What this fails to grasp is that it’s not Peter that Jesus will be his church on, it’s Peter’s confession of Jesus as the Messiah.  Jesus goes on to give Peter the “keys” to bind and loose things.  Leeman writes “the keys are the authority to judge an declare on what as well as who.  They deputize their holder to pronounce a judgement concerning the who and what of the gospel: what is the right confession and practice of the gospel, and who is a right confessor.” [77]  Who holds the keys?  Fast forward to Matthew 18 and Jesus is giving binding and loosing instructions on how to wield the keys of church discipline to the members of the church [in the Greek, all of the “you”/῾υμιν῾ references are plural!] – AKA “wherever 2 or 3 are gathered in my name.”  [Matthew 18:15-20]

So what then?  So…are our churches biblically reflecting this model?  Are they being lead by biblical elders? [1 Timothy 3; Titus 1] Is the church set up in order to facilitate this model?  Leeman is bold, but not surprising if you know 9Marks  – “To put this another way, a gathering is an essential part of a church being a church. By definition there is no such thing as a multi-site or multi-service “church”…” [100]

Yet, what do we see dotting the landscape of American churches?  Over the years, I’ve become firmly convinced in the dangers of the multi-site model…I’m still working through the multi-service aspect.  Yes, I would agree that is preferred, but there are a host of logistical questions/challenges that go along with that…

How is this most practically done?  Biblical preaching through pastors/elders, Biblical membership and the ordinances of baptism and the Lord’s Table.  “A particular church is a gathering of two or three witnesses who together testify to the name of Jesus and their shared membership in him. They do this by preaching the gospel and by employing the keys of the kingdom through the ordinances.” [103]

Church members are given direct responsibility in encouraging one another’s growth and correcting when necessary [Matt 18:15-20; Gal 6:1].  Every church member should be able to distinguish between the true gospel and a false gospel.  [Gal 1:6-9]  Therefore, every church member has an awful lot of responsibility in the what and who of the gospel-centered running of the local church.  They should not be fired from such an important responsibility by having it taken off their plate.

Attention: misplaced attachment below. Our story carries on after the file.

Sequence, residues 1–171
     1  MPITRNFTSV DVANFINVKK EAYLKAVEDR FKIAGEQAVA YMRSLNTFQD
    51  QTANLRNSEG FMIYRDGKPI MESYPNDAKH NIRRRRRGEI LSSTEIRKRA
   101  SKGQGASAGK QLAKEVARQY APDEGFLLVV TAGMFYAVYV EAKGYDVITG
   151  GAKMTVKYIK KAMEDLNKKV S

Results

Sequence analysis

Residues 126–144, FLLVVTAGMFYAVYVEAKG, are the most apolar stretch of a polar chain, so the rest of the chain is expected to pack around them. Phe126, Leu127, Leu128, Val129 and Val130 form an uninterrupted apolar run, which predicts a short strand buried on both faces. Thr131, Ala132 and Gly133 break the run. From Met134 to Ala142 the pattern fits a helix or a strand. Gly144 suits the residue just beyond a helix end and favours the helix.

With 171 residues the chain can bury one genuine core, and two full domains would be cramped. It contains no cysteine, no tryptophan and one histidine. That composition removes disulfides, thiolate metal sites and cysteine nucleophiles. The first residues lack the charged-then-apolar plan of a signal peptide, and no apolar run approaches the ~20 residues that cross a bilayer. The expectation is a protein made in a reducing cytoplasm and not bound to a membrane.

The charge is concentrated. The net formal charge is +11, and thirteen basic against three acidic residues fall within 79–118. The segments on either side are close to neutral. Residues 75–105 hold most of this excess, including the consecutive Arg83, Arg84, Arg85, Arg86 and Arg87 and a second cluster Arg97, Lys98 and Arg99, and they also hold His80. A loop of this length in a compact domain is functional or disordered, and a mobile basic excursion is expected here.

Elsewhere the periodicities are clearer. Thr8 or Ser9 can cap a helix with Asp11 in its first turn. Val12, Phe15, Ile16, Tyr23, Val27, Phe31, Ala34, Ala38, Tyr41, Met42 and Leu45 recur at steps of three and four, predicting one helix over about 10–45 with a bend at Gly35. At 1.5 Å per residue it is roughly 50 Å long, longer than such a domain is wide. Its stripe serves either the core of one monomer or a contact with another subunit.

To do this, an understanding of how the Holy Spirit establishes elders and their role in leading this model is necessary.  Leeman helpfully points out that Ephesians 4 clearly teaches that pastors and elders have been “given” for the “equipping of the saints for the work of the ministry and the building up of the body of Christ.” [Eph 4:11-12]

How then do we go forward?  In working with other congregations, we should care how they are doing, how they are structured.  Working with them in partnership of the gospel and lovingly speaking truth.  Some will not agree and our partnerships can therefore be limited.

Within our own churches, this is where 9Marks shines.  They have many helpful resources to help churches think through how to establish what Leeman calls a “new covenant culture – a gospel culture.” [172]  The author provides a good summary in the final chapter, but definitely check out the foundational book “Nine Marks of a Healthy Church” to get started.

I’m very thankful for this book and glad I stuck with it.  It’s only by reading things that challenge our thinking will we grow.  May it be in the knowledge of the grace of God in Jesus Christ.

 

 

 

 

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Book Review – Absolute Surrender

Andrew Murray was a South African Pastor and wrote “Absolute Surrender” in 1897…so yeah…a long time ago.  It’s a good practice to be reading a balanced diet, so yes…picking one from 120 years ago is a good stretch.  [For a super intentional reading plan look at Challies’ 2017 Reading Plan…]

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This is also part of B&H’s “Read and Reflect with the Classics” series which provides helpful questions and things to pray through at the end of each chapter.  The chapters are based on a series of sermons that Murray gave and they are good for a morning devotional read.